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Review of The Lorax
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Almost as terrible as The Cat In The Hat.

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Considering that the children’s books by the late Dr. Seuss have been classics over the years, adaptations of these stories have not been entirely well-received critically in the film industry. Following previous adaptations How The Grinch Stole Christmas, The Cat In The Hat and Horton Hears A Who!, The Lorax follows in the footsteps of those films as it makes its mark as the fourth film on Seuss’s work. The film’s immediate approach was that of a much more colourful, child-friendly feature; maybe even at a pre-school standard for infants. Still, The Lorax unfortunately transformed itself into a complete misinterpretation of Seuss’s book and, therefore, sinks to an incredibly low level that almost merges with the other Seuss adaptation disaster - The Cat In The Hat.


For anybody to make a film based on a children’s book will always either hit the nail on the head or simply flop, which has been the case with Dr. Seuss’s work. There are the basic animated family films that serve meaningful messages with a tender and exciting story as well as lovable characters. In the case of The Lorax, it was not really anything at all. For example, like the 1972 TV special, it is stationed as a musical and even the songs did not enlighten the tone of the film and they just did not flow with the story. Furthermore, this whole scenario regarding the environment and protecting it may be a soft spot for under-4 kids but it is still serves a very unrealistic that, quite frankly, nobody even cares about. However, the animation was, of course, remarkable and the crew behind Despicable Me did a good job with that, but even that didn’t save The Lorax.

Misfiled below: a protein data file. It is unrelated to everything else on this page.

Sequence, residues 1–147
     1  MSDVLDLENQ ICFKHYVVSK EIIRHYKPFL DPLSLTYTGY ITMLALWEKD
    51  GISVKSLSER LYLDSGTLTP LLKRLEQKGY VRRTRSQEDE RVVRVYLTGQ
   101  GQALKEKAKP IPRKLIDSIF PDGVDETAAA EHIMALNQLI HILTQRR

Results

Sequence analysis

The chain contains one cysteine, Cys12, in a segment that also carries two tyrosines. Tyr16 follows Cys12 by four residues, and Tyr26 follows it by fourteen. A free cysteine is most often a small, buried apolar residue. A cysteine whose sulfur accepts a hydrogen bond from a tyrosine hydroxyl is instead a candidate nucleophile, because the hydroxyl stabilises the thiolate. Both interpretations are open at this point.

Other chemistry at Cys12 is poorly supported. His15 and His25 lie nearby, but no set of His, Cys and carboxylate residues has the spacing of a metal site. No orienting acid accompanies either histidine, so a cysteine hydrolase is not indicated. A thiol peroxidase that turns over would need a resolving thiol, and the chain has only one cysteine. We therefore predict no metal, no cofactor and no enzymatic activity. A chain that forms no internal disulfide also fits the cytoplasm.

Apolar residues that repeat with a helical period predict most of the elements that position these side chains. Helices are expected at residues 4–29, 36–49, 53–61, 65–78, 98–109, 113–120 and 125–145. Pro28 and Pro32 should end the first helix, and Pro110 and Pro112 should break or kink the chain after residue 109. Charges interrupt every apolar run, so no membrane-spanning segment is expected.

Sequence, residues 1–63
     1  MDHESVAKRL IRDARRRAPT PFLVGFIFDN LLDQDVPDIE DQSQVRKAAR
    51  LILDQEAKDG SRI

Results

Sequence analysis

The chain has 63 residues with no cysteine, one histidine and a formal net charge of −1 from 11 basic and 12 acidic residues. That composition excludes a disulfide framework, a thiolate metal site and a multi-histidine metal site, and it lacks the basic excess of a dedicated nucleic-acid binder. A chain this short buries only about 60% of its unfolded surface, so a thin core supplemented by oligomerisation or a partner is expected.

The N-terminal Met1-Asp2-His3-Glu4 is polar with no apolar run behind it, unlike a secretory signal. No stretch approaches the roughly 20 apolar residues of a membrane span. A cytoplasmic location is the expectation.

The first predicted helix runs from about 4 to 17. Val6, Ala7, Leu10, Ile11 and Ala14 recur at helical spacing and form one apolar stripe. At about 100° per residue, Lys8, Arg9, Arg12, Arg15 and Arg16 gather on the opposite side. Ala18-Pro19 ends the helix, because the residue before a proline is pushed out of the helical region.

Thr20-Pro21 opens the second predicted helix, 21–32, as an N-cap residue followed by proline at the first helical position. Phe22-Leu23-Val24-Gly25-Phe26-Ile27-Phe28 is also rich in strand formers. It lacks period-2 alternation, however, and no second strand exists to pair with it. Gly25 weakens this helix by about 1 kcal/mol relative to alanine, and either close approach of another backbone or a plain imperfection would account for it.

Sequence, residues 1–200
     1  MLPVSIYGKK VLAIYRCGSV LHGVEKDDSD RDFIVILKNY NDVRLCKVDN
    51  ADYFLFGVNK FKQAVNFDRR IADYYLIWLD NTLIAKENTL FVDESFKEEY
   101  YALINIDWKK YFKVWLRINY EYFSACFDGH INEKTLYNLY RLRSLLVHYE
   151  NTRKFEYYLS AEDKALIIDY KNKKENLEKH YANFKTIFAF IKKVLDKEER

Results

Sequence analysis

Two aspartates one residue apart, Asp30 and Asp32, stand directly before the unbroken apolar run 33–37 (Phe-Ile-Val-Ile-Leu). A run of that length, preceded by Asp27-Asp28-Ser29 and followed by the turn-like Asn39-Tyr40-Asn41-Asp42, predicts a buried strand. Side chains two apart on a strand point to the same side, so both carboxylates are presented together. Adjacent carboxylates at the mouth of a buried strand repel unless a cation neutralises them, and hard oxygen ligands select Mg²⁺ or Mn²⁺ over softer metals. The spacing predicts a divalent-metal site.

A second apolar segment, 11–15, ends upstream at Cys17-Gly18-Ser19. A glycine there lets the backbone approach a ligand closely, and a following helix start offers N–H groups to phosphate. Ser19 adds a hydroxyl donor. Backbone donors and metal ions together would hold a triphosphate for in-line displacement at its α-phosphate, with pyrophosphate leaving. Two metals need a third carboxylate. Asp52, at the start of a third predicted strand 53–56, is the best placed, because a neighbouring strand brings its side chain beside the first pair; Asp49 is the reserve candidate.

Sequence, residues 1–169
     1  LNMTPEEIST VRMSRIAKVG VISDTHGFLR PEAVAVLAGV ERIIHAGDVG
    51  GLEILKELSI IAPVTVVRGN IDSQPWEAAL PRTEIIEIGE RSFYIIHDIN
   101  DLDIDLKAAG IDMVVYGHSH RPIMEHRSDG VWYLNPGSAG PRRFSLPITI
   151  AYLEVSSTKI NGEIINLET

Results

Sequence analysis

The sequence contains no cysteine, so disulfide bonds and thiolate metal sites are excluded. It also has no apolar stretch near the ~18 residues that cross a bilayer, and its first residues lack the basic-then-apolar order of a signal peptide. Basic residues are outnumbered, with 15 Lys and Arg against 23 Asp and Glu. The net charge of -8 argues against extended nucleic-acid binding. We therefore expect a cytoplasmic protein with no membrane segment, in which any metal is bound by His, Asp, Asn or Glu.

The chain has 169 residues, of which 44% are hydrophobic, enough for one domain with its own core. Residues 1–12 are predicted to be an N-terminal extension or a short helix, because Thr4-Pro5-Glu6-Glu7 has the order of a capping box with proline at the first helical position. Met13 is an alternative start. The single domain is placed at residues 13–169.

You can quite easily tell that The Lorax is attempting to aim high towards its target audience (young children) by typically casting two popular symbols for that age range as the leading male and female characters – Zac Efron as Ted and Taylor Swift as Audrey. Both of these characters very closely define both of these actors and, like what has been the case on a number of occasions with Seuss film adaptations, it lacked the charm and wit of the characters from the original source. The decision to cast Danny DeVito in the role of the Lorax was absolutely typical as the short and stocky appearance of the character is identical to DeVito himself. Seuss has introduced characters where you cannot explain what type of creature they are (whether they’re a form of extra-terrestrial or human). Still, despite that and that the Lorax, quite frankly, is not really a form of anything; he is one of the least funny and most unrealistic and corny children’s characters. However, the biggest controversy of the film in comparison to the book was the completely different transformation of a crucial supporting character - The Once-Ler. There have been the minor adjustments in almost every film, such as events that occur and what is said, but going beyond the limit is altering the physical representation of a character. Of what we saw of the Once-Ler in the film, he is identified as a human, but in the book, he is a mysterious creature which, therefore, left the audience something to think about.


Although the studio behind Despicable Me obviously provided very colourful and impressive animated effects, it still did not in the slightest save the film. Watching The Lorax was literally like experiencing an empty and incredibly corny direct-to-video feature. It takes incredibly poor preparation to transform another Seuss adaptation into a complete disaster like the agonizingly painful The Cat In The Hat and despite The Lorax may have the slighter edge due to effects, it is still a complete and utter failure. This is a solid example of why certain books should not be made into films.

2/10
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Added by SJMJ91 2 years ago
on 14 September 2012 22:09

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